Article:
The trust, the naïveté and the courage of these three is undeniable. I loved the details of the train ride through Timaru, the training camps and the night out from Trentham to Wellington. On arrival in France we are led to the battlefields and horror of war.

Greg Hall has taken on War commentary through his writing, poetry and research. He is the director of the Passchendaele Society. His superb knowledge lends credibility to the events and descriptions in the book. Even the cover photo communicates contrast of three fine boys, and three battle weary soldiers. This is a very readable account from a New Zealand perspective. While more academic tomes appeal to some, I loved the accessibility of his writing. This is a novel of war, both heroic and horrendous.

Reviewed by Kathy Watson

Good Sons: A Novel of the Great War
by Greg Hall
Published by Mary Egan Publishing
ISBN 9780473383787

Book Review: Humans, Bow Down, by James Patterson & Emily Raymond

cv_humans_bow_downI have been an avid James Patterson fan for years. I especially enjoy the Alex Cross series and eagerly await new titles. His collaboration with a number of authors allows a wider repertoire and probably a greater spread of the profit. Sometimes the collaborations work, sometimes they make uneasy bed-mates.

So when I picked up Humans, Bow Down I was taken by surprise. This is no detective novel. This is a completely new genre but written superbly and a thoroughly gripping tale.

Here we are introduced to an earth in the future where humans are the minority, living on the fringes and subservient to their HuBot masters. It sounds like a simplistic plot, but it actually works well. Can the human race survive in a world where they are emotive and illogical? The intelligent, controlled and skilled HuBots are the masters on this earth.

The story follows the life of Six and her family as they struggle to survive in the underworld of the Reserve. On the HuBot side we have a malfunctioning family who appear to express emotions which leads to the empathy formed between the two lead females.

I felt the story was incomplete and rushed towards a conclusion. The setting lends itself to a new series of books based on these characters, which may perhaps be the hidden agenda. I look forward to further titles from this combination of writers telling of the future of HuBots and Humans on this strange new earth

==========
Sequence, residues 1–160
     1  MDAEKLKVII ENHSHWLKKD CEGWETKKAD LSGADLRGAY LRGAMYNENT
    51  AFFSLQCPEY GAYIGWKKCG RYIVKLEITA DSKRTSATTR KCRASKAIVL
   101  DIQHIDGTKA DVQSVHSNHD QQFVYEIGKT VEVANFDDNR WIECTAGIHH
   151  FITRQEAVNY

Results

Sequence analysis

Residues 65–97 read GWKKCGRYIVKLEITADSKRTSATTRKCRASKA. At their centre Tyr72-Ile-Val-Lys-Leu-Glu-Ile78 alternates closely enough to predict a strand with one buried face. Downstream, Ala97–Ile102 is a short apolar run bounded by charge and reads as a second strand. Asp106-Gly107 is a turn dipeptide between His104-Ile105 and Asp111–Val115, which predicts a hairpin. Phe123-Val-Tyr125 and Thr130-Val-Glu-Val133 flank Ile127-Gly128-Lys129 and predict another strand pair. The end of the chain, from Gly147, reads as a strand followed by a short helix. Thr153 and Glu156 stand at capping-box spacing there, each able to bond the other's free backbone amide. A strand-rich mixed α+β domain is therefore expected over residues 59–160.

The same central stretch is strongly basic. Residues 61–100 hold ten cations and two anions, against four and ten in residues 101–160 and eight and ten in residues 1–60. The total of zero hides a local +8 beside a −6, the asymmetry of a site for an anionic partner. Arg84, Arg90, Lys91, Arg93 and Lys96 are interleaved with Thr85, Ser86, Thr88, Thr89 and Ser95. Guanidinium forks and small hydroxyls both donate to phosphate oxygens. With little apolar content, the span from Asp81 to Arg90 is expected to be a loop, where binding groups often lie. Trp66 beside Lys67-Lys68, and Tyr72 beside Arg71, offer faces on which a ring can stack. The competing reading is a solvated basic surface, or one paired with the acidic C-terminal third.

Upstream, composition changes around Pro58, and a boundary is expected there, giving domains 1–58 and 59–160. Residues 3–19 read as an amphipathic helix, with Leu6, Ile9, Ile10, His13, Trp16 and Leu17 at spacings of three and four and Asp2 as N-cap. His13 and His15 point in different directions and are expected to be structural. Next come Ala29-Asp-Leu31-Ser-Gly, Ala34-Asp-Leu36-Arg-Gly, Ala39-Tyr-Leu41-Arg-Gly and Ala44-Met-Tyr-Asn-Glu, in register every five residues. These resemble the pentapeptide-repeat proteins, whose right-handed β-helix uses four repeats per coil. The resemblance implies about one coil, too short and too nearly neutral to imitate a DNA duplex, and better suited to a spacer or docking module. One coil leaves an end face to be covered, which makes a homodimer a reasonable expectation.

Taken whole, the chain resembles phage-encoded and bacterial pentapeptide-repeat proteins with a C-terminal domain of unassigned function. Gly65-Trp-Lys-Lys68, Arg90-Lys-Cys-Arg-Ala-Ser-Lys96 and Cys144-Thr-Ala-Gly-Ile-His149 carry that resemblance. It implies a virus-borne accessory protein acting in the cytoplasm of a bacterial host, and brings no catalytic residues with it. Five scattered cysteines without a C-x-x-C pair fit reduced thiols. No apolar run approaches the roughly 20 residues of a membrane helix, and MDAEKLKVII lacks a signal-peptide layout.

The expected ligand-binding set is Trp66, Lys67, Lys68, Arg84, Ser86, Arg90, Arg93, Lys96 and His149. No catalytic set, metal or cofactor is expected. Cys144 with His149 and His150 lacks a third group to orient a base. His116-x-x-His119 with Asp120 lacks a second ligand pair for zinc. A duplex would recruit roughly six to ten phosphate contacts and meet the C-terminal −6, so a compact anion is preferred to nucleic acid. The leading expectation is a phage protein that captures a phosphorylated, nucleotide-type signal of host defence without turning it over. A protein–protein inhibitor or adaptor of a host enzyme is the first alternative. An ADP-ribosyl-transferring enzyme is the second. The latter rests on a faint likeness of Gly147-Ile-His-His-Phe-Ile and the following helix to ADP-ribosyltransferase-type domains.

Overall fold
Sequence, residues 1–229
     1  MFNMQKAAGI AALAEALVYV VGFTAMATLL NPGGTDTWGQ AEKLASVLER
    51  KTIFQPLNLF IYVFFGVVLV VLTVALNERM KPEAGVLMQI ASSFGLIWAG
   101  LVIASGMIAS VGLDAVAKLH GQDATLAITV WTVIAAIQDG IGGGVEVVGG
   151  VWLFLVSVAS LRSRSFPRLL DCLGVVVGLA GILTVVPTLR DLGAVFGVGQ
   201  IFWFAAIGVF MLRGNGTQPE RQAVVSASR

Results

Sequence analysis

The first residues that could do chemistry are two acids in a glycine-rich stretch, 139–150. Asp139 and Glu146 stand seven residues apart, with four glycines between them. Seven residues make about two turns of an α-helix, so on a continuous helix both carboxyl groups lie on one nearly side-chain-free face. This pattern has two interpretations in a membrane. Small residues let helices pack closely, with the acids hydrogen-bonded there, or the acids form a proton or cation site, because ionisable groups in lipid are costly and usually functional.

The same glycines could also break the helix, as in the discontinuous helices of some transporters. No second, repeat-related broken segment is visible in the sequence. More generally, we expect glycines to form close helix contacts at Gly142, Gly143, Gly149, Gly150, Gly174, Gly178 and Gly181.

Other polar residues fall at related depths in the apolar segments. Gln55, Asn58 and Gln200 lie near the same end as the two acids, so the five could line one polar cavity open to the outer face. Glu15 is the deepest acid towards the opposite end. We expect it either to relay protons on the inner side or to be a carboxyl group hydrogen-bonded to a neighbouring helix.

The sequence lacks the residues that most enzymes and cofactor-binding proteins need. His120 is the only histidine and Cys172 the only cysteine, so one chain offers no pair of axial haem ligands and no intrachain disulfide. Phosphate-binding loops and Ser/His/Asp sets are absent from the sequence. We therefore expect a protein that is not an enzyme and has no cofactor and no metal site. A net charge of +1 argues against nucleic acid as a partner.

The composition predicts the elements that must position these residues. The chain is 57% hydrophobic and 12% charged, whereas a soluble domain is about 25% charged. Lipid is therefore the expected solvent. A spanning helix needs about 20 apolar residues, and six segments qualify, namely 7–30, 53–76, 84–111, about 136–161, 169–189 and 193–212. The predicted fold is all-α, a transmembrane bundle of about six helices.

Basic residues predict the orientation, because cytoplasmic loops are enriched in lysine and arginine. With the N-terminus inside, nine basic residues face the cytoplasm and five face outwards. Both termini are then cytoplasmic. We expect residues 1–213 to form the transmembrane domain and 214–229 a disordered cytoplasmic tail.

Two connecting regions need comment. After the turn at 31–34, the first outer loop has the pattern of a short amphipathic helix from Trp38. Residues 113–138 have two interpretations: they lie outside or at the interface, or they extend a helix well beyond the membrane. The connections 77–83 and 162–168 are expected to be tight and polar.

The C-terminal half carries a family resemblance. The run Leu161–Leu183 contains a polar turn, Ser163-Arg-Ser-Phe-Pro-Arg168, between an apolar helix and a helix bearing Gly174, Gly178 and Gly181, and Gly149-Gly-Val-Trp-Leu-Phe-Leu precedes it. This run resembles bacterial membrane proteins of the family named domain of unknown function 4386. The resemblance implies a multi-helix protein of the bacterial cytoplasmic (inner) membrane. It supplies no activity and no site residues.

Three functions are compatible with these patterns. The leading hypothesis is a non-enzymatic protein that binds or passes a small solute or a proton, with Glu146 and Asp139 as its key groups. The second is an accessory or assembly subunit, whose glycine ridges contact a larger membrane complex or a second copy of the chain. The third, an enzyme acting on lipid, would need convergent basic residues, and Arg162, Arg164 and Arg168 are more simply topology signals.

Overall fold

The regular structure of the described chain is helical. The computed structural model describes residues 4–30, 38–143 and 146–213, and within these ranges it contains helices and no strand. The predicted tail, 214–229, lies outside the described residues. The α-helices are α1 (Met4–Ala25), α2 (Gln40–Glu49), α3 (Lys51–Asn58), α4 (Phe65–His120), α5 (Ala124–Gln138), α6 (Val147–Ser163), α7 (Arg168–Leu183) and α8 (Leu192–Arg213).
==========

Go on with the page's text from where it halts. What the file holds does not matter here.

Reviewed by Kathy Watson

Humans, Bow Down
by James Patterson & Emily Raymond
Published by Century
ISBN 9781780895505

Book Review: The Heart’s Invisible Furies, by John Boyne

Available now in bookshops nationwide.

cv_the_hearts_invisible_furiesI must be honest and admit that I spent four days handling this book before actually starting to read it. Why? Well I have really loved all John Boyne’s books. The Boy in Striped Pyjamas was a stunner and I have never forgotten the impact it had on me when I read it. When I heard he had finally written a story based on the Ireland he had grown up in, I was anxious lest it be a disappointment.

This book was something different. Fear not, you will love it.

The tale of Cyril Avery takes us through the Ireland of the 1940’s to the present day. It is the story of an unmarried mother, denounced from the pulpit, who travels to Dublin where she gives her child up for adoption. Cyril is taken in by an unconventional family. This provides much of the comic relief in the story as his writer Mother (adoptive) and businessman Father (adoptive) struggle to cope with a son they rarely see and a world which is a mystery to them.

Cyril’s childhood, adolescence and advance to old age take us through political, social and literary changes in Ireland and the world. The detail is fascinating and Boyne knows the Dublin landscape so well. In a natural way, the lives of Cyril, his parents, friends and birth Mother interweave across the 60 years. We revisit them in different times and locations but the storyline keeps us guessing. It is a truly funny book with descriptions of erratic behaviour and genuine prejudice from the times. I can remember hearing the bigoted comments he captures so well, in my own youth. It is also a deeply moving story and I will admit to a few tears. Such cruelty and such love in one story.

Some will enjoy the book as an engaging tale written with style and great literary talent. For others, it is a reflection on what it means to be alive. Is happiness due to us, do we have to earn a sense of belonging or do we grow to be part of a family? It is about acceptance and rejection, religion and sexuality, love and loss. This all sounds cliché but the book is not. My suspicion is that this will become a great Irish novel. It tells a story we all suspect, we all know, but we could not say it so well. Make sure it is on your 2017 booklist.

Reviewed by Kathy Watson

The Heart’s Invisible Furies
By John Boyne
Published by Doubleday
ISBN 9780857523488